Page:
Tuesday, August 14, 2007

A Stage Direction from a Samuel Beckett Play (Commonplace Book)

I cannot remember which short Beckett play this is from -- its one of the very short one or two pagers I think -- but here is the best stage direction ever:

"Door imperceptibly ajar"

That is pure deadpan Beckett funny, but you maybe have to be very immersed in Beckett, as I was, when I read it. I suppose, to be fair, it communicates something to the actor about the scene, maybe. But how on earth is a set designer supposed to accomplish this? How do you take into account, on the stage, something that, by definition, no one can notice? "Door imperceptibly ajar" translates onto the practical stage as "closed." You have to love Beckett.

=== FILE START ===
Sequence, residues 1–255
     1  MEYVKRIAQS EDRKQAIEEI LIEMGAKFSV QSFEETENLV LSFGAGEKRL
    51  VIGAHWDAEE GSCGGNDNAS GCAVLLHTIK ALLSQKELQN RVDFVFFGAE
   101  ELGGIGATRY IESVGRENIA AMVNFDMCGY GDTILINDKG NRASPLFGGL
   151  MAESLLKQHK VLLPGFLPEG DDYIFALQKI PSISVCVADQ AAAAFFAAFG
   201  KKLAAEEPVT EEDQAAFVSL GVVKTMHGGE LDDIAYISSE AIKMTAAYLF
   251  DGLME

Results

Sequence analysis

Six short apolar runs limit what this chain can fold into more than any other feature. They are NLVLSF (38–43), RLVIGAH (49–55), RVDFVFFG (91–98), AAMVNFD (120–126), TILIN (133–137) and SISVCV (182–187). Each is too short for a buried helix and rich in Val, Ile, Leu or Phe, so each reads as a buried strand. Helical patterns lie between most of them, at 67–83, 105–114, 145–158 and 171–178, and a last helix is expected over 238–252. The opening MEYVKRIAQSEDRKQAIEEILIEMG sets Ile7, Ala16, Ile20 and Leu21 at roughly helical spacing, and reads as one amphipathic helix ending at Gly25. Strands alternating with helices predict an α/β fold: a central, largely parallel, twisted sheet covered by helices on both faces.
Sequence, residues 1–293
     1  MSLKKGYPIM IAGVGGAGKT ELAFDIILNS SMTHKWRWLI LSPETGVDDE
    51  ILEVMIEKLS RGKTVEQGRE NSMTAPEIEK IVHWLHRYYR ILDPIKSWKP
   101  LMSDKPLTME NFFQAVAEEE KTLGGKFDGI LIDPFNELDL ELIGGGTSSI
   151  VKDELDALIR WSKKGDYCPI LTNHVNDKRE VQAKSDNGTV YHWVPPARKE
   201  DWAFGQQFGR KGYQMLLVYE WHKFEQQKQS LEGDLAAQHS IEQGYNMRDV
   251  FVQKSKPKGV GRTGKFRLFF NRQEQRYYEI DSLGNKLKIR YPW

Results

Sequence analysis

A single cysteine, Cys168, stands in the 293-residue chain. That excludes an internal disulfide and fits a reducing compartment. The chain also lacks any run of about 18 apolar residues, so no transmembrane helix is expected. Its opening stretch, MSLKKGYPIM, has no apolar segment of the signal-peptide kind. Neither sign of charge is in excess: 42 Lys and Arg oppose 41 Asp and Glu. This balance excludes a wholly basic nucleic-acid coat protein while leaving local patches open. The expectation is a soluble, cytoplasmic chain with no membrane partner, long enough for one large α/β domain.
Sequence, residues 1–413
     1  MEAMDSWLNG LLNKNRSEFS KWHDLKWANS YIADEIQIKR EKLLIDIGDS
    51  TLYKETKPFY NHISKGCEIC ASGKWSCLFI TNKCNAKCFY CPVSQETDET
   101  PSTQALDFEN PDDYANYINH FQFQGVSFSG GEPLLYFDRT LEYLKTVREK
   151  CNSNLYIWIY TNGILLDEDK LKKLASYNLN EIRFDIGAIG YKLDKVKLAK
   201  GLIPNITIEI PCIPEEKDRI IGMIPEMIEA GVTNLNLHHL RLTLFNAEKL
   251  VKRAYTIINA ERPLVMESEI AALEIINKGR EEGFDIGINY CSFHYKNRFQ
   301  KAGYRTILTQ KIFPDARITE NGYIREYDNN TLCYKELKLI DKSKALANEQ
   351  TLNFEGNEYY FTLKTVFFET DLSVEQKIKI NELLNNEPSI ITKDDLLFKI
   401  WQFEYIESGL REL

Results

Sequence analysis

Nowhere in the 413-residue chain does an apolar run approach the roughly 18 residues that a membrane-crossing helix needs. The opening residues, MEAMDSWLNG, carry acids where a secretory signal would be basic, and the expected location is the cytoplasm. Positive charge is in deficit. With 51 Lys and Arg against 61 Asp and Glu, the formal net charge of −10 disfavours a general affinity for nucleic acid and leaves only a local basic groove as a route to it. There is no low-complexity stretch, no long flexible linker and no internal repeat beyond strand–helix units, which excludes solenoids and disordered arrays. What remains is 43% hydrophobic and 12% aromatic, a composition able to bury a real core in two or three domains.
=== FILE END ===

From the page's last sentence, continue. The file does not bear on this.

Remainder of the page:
Not as good, but still pretty great, is the infamous stage direction in Shakespeare's A Winter's Tale. Shakespeare of course did not write his own stage directions, but you have to admire whoever got to add the equally deadpan funny "Exit, pursued by a bear" to the Shakespeare canon.


Jason Powell said...

Another Shakespeare stage direction I like happens in "Othello." It's actually two stage-directions, bracketing a single line of text, and the combo has got the same deadpan quality as the "Pursued by a bear" one...


How now, Roderigo! I pray you, after the lieutenant go.


That makes me laugh every time.

James said...

I liked this Fraction blog post (sort of) about a stage direction.

Ping33 said...

The first gift I ever got the woman who is now my wife was a 1st print copy of Endgame.